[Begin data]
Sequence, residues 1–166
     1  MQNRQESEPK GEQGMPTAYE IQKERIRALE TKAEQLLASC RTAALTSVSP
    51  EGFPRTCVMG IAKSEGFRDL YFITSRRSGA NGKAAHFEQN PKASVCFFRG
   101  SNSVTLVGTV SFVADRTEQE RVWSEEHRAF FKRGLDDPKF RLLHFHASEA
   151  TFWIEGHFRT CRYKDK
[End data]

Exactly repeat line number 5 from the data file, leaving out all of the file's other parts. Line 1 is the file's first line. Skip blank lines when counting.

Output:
   151  TFWIEGHFRT CRYKDK